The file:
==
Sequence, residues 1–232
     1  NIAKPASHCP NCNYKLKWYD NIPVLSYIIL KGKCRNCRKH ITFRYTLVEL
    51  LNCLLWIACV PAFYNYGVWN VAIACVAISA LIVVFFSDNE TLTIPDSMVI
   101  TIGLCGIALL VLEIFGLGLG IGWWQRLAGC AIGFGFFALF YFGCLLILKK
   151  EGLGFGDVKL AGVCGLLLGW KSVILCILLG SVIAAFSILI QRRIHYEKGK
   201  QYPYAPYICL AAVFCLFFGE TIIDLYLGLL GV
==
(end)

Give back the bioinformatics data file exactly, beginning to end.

Sequence, residues 1–232
     1  NIAKPASHCP NCNYKLKWYD NIPVLSYIIL KGKCRNCRKH ITFRYTLVEL
    51  LNCLLWIACV PAFYNYGVWN VAIACVAISA LIVVFFSDNE TLTIPDSMVI
   101  TIGLCGIALL VLEIFGLGLG IGWWQRLAGC AIGFGFFALF YFGCLLILKK
   151  EGLGFGDVKL AGVCGLLLGW KSVILCILLG SVIAAFSILI QRRIHYEKGK
   201  QYPYAPYICL AAVFCLFFGE TIIDLYLGLL GV